Politics Wednesday: GOP fumbles in Packerland

Democratic Sen. Dave Hansen won the first general recall election, capturing two thirds of the vote in Wisconsin’s 30th Senate District. Nobody expected Hansen’s opponent to win, but it was an indicator of just disorganized and unfocused the state’s “ruling” party really is right now. Republicans hold all three of the district’s Assembly seats. Their inability to field a credible challenge puts them in a less desirable situation going into the coming recall elections, in which the GOP will be trying to defend a half dozen seats in comparison to two for the Dems. Coming up, next door’s Republican Sen. Rob Cowles faces former Brown County Executive Nancy Nussbaum in another green and gold recall. Could be interesting (because at least the Democrats came up with a credible candidate.)

In the GOP’s most likely chance for a pickup, Kim Simac picked up 59 percent of the vote in the Republican primary in Jim Holperin’s 12th Senate District. This came on the strength of hundreds of thousands of dollars in advertising. Lincoln County Board Chair Bob Lussow picked up 41 percent of the vote (after maybe spending his lunch money.) Look for this to be a big money race and for Simac to be well defined as a Tea Party extremist who has left a gold mine of intemperate quips along the way, along with background issues that could prove troublesome for her. It’s a decent district for a Republican to run in, with three GOP Assembly districts. That said, I still think Holperin will send Kim riding down the trail when it’s all said and done. Sen. Holperin has the unpleasant distinction of having faced (and won) a prior recall during the Chippewa treaty rights blowup, when he was in the Wisconsin State Assembly. He’s a solid moderate with an impressive resume in a place that sent Democrat Roger Breske back time after time.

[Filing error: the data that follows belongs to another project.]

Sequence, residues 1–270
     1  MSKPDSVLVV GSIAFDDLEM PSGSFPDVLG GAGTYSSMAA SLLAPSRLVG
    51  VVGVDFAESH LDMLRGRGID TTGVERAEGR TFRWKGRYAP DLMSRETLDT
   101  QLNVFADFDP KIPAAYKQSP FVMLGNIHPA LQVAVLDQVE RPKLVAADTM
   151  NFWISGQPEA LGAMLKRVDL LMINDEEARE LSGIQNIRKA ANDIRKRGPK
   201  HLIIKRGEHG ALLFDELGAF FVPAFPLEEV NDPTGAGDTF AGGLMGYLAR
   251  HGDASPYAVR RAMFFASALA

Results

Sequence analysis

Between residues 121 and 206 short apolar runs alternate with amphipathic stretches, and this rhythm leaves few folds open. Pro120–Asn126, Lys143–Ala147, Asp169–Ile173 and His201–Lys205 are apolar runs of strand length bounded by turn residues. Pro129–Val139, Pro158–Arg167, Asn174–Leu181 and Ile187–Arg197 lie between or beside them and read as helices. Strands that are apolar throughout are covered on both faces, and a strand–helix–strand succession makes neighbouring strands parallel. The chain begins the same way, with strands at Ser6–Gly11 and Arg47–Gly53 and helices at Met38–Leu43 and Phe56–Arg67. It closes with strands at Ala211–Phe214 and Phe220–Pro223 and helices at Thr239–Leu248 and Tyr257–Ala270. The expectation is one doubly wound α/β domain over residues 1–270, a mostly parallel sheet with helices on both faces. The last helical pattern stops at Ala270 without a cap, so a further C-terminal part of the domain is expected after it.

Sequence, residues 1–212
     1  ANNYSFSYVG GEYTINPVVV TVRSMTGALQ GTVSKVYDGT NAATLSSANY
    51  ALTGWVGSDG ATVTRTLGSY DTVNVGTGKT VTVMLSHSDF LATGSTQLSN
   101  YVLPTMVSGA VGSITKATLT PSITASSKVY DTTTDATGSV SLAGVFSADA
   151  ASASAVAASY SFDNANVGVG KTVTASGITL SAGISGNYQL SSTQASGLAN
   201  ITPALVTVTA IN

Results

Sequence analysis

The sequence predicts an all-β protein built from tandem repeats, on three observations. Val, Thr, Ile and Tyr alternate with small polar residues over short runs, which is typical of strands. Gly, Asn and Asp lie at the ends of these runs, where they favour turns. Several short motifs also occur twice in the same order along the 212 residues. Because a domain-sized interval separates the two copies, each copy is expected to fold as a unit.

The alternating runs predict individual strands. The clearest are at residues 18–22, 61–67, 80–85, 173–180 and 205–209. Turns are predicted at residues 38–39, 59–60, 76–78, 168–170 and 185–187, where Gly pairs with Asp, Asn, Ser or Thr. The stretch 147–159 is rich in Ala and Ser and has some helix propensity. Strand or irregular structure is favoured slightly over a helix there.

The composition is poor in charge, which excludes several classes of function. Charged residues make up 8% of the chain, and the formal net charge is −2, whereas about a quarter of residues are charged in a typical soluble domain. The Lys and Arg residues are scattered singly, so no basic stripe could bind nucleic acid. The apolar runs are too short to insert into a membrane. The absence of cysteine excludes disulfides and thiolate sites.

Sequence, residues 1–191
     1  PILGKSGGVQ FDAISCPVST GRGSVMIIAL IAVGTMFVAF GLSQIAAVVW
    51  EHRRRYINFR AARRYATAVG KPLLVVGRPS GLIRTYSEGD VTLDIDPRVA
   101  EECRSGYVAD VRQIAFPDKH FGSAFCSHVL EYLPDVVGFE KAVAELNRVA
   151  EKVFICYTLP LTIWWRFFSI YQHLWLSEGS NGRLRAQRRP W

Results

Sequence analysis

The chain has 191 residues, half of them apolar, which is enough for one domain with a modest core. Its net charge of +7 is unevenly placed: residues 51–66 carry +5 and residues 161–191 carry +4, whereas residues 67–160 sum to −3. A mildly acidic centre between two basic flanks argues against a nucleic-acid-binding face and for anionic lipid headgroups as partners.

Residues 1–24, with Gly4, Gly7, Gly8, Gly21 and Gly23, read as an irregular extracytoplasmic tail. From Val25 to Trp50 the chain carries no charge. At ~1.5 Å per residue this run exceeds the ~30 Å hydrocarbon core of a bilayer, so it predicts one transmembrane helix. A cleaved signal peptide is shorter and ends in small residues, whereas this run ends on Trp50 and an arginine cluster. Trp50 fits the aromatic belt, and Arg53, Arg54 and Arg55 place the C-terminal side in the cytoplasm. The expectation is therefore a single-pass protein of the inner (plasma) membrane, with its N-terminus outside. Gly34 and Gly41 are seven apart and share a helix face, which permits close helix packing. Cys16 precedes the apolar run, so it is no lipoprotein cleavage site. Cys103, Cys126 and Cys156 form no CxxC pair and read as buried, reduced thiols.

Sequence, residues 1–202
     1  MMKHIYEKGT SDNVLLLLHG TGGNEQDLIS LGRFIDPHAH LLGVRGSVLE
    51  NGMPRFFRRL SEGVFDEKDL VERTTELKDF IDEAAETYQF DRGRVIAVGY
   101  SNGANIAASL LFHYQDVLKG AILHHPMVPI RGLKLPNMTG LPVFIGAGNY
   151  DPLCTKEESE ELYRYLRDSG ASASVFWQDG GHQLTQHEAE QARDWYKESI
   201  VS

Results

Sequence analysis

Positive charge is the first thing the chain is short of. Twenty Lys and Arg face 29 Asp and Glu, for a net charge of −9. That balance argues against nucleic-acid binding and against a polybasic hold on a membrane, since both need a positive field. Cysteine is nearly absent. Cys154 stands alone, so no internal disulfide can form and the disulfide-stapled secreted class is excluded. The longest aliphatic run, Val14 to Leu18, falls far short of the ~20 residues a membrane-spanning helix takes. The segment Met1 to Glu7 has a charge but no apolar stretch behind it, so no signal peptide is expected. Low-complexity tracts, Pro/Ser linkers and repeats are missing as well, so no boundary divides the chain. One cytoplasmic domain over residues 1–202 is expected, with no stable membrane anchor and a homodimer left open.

In the 22nd Senate District, Chicagoland attorney Jonathan Steitz won the GOP primary for the right to face Democratic Sen. Bob Wirch. A telling indicator: far less people voted in the primary than signed the petitions to force the election in the first place. This one is clearly a very long shot for the Republicans and they will have far more pressing needs over the next few weeks than to flush too much money into what looks to be a loser for them.

So with eight recall elections coming featuring six GOP incumbents in the coming weeks, Wisconsin Republicans are now looking at a net loss of state senate seats and it’s really a question of how many – not “if.”



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